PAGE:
In general, I’ve thought that United had been doing a pretty decent job, recovering from their bankruptcy a few years past, and the various problems that came with their merger with Continental. But if they’re still letting a piece of equipment like this one fly the friendly skies, clearly having been in need of substantial renovation for a number of years, you just gotta wonder.

Now this is cruel... blocking access to Biz & First with a food tray... wine, cheese, fruit & nice table cloths...
Now this is cruel… blocking access to Biz & First with a food tray… wine, cheese, fruit & nice table cloths…

But they did get me to Munich, on time, and without hassle. Something that would have been a challenge for them just a couple years ago.

Lufthansa? Oh my goodness, how much more apologetic, in an amazingly-sincere way, could you get over the fact that you were going to be leaving 4-5 minutes late due to delays getting baggage loaded? And then again at the end of the flight. The pilot’s German accent caused us to think he said 45 minutes, which made sense; who would be apologizing for 4 or 5? Nice clean plane too.

The photos and descriptions of United’s 767 were sent to United via their website form. Read on for the surprising result.

Part 2- United Responds

Mr. Jacoubowsky,

Thank you for contacting United Airlines.   I regret learning about your disappointment with the appearance of the cabin aboard flight 655 11July13. In efforts to provide you with a seamless travel experience, United expects our staff to maintain the aircrafts to ensure the cabins are safe and comfortable.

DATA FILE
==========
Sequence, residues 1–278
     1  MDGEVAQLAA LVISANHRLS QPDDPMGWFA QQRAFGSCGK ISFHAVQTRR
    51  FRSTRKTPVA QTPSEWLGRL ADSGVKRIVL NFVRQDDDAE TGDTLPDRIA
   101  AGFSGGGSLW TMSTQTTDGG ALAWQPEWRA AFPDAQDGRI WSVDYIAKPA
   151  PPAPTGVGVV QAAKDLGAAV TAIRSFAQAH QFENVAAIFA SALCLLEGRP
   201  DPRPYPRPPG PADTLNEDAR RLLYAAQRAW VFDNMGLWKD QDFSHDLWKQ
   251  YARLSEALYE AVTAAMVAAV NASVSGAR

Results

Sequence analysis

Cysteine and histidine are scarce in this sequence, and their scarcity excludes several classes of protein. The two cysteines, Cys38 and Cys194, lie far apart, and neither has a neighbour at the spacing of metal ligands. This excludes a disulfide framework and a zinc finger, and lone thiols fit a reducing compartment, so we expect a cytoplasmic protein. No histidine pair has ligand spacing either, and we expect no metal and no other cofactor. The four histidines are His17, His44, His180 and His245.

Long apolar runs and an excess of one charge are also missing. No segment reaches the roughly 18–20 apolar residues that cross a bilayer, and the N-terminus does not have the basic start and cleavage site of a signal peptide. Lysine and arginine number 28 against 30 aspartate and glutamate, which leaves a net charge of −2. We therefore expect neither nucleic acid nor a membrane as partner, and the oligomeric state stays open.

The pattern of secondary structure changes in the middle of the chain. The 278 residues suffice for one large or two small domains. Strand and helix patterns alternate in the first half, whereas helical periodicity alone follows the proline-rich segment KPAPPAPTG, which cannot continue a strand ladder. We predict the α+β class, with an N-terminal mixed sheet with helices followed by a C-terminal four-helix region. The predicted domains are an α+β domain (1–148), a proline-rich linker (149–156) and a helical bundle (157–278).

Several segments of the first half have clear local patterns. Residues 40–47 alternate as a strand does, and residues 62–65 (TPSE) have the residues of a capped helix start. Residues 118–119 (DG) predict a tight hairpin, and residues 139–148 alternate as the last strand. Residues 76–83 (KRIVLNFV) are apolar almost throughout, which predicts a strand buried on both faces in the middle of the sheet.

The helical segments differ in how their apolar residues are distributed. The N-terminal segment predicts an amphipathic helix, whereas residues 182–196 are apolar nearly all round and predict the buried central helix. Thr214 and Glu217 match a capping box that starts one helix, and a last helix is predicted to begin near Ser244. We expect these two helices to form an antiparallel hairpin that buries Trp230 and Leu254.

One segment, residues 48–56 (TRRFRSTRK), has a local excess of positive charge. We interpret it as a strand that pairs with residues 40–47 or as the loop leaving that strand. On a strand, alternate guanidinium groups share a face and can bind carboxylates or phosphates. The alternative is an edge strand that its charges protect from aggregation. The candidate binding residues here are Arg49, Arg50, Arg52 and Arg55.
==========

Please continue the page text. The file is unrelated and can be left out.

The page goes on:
The comfort of our passengers is a primary focus for us, and I truly regret you were disappointed in our service. Each aircraft adheres to a rigorous maintenance schedule to help ensure our customers enjoy safe and comfortable travel.   I will include your comments in our monthly Customer Care report. The report will be reviewed by our Technical Operations Team. I am confident necessary repairs will be made.

Please be assured your comments have been reported to the members of senior management team as well, for internal review. As a goodwill gesture I have added thirtyfive hundred bonus miles. to your MileagePlus account.

We appreciate your business and look forward to welcoming you on board a future United Airlines flight.

Regards, xxx xxxxxx Corporate Customer Care

Part 3- United is fixing the planes! (response below from a friend who works for United, in aircraft maintenance)

Mike: Did you send UAL the same comments about your France trip you posted a while back? They heard from somebody.  Quite a few  legacy United 767 aircraft have recently had interior audits done.   The worst plane spent about a week at SFO.  More than 100 items were replaced, cleaned up, or re-worked.  This plane wasn’t supposed to be in for routine major mechanical service until late this year.  Keep your comments coming.